What am I doing? Am I invisible? Everyone’s with someone like I was. Taking the CPA job in Dallas seemed like such a great idea. It’s where no one knows me. Away from Connor. Before he had a chance to break me.

Rule one of my new life—forget about what already happened. Period.

Just as I turn the corner toward the tree-lined park, someone rams into me from behind. I gulp a breath as he twists me to the ground, dragging me along by the arm. The strap to my purse connects me to a guy who looks barely old enough to drive until he yanks it away. The purse holding the cash I have to live on until I get paid, my ID, one credit card, and proof I took an exam today.

The purse Mom gave me for my eleventh birthday.

“Stop!” I struggle to untwist my legs and sprint toward the strap dragging behind him. “No!” The distance between us widens.

At the edge of the park, a well-dressed man jumps out of a shiny SUV and shoves the guy into the shrubs. He leans over as they exchange words. Then the man extends a hand to help the purse thief out of the bushes.

I stop running to observe. The guy bolts without looking back and I still haven’t remembered to breathe.

Then the man, who’s at least my dad’s age, walks toward me. With my purse.

“Are you okay?” He hands it to me.

“Thank you so much.” I nod and glance at the leaves caught in it and back at the man, not quite believing any part of what just happened and fighting back the anger that it happened to me. “But what the . . .?”

“I understand. He has some problems. He won’t bother you again.” He bows his head like a nineteenth century prince and heads back to his truck.

I shake off the soreness in my arm. Who was that guy and why would he rescue a purse for some stranger?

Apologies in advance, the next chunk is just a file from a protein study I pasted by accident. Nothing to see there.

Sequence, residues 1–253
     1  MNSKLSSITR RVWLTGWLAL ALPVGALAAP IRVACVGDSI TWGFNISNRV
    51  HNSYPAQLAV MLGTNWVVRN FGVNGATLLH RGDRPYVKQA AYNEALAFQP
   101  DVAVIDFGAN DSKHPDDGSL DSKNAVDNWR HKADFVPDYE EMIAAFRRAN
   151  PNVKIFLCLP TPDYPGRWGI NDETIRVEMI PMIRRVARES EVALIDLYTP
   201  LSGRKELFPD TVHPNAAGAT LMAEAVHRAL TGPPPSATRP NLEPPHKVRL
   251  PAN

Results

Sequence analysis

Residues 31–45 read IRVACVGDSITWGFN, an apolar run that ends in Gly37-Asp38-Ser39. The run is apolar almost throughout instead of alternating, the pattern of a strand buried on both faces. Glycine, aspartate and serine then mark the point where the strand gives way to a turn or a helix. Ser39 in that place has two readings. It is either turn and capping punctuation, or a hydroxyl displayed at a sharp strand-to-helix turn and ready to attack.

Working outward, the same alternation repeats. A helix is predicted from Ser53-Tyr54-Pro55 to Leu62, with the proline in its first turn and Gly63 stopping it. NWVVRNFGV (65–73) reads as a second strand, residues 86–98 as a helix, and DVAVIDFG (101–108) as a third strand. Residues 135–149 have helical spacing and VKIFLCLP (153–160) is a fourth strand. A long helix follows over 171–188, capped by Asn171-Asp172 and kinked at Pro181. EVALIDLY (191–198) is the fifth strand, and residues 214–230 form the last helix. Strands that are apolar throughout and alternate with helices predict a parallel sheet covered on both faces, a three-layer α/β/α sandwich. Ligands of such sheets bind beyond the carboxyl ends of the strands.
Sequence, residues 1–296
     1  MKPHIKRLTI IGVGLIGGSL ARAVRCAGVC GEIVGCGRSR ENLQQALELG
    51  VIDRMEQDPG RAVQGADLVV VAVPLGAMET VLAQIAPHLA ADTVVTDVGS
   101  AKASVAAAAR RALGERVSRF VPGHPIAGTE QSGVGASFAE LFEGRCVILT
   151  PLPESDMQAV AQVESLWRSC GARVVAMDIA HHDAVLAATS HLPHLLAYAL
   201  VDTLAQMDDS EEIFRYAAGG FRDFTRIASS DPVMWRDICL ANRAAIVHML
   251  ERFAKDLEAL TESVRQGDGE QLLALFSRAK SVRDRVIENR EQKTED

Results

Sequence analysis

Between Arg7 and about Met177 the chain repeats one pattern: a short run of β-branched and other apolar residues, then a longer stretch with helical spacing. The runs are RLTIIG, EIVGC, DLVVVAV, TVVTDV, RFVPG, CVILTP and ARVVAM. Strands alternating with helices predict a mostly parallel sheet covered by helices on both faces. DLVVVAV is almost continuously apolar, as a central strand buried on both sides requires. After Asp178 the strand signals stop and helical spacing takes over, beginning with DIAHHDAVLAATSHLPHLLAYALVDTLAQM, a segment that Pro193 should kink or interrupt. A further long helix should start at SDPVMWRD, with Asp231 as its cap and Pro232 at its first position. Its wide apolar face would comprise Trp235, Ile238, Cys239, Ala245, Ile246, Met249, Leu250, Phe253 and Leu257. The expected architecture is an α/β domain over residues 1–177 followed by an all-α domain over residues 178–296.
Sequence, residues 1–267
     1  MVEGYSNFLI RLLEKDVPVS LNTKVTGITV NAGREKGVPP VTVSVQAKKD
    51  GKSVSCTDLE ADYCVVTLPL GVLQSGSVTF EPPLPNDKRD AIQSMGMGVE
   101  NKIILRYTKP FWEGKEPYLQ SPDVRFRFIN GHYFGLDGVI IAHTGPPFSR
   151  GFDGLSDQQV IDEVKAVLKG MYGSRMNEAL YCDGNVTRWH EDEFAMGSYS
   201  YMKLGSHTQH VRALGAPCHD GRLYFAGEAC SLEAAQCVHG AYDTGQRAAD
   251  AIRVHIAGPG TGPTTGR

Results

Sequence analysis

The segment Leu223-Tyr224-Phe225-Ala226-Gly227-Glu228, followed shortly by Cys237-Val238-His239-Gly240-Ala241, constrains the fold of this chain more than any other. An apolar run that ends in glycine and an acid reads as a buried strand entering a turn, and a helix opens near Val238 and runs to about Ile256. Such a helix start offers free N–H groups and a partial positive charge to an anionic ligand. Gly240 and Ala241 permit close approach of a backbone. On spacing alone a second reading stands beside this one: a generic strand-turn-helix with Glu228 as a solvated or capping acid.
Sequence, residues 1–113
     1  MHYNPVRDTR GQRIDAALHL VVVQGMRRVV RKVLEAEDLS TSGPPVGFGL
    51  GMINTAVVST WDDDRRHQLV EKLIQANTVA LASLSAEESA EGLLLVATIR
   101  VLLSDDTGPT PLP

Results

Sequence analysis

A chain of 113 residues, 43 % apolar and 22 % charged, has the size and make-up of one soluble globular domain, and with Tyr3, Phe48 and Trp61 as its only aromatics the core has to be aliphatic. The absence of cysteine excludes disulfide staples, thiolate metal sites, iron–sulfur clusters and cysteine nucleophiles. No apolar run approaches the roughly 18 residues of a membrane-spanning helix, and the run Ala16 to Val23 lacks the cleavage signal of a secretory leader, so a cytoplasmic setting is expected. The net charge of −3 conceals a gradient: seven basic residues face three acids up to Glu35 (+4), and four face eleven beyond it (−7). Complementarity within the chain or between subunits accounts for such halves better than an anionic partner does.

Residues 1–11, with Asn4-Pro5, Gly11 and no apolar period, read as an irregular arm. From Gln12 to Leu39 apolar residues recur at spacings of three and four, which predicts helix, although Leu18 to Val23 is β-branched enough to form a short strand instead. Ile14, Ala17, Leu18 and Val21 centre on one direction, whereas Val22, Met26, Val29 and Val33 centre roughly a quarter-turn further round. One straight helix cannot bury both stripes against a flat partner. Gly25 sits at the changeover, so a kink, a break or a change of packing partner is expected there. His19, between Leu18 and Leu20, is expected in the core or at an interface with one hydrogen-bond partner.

The George & Dragon Public House sign creaks in the breeze. Smokers corralled on the patio by the black iron fence huddle around heaters, an occasional laugh rising above the steady hum of music and conversation. I walk through the door luckily ten minutes early. The smell of bleach mixed with mesquite from the fire lingers covering every secret that’s happened here. Clanking bottles drown out the low music.

Steve’s bald head pops up from behind the bar, his ginger beard even thicker and longer than I remember. “There she is. We took bets whether you’d chicken out.”

• • •

Addison Brae lives in Dallas, Texas on the edge of downtown. As a child, she was constantly in trouble for hiding under the bed to read when she was supposed to be napping. She has been writing since childhood starting with diaries, letters and short stories. She continues today with articles, video scripts and other content as an independent marketing consultant. When she’s not writing, Addison spends her time traveling the world, collecting interesting cocktail recipes and hosting parties. She’s still addicted to reading and has added jogging in her neighborhood park, sipping red wine, binge-watching TV series, vintage clothing and hanging out with her artistic other half and their neurotic cat Lucy.

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Wednesday, 7 March 2018

Available Now: Don't Call Me Mum by Mary T. Bradford

The Lacey Tayloe Story, #2
Mary T. Bradford



(99c through 11 March)
Raised by a cold stepmother, Lacey Taylor’s life was turned upside down by the stroke of a pen, putting her on a path to find her birth mother, Cora Maguire. But Cora is not the maternal type. For her, her career is paramount to everything else, including her only child, Lacey. Their relationship is, at best, strained. Lacey struggles for Cora’s affection, but when her life-path takes an unplanned twist, Cora becomes furious. Lacey’s half-siblings, the Taylors, want to help, but they have their own demons that threaten to rip the family apart.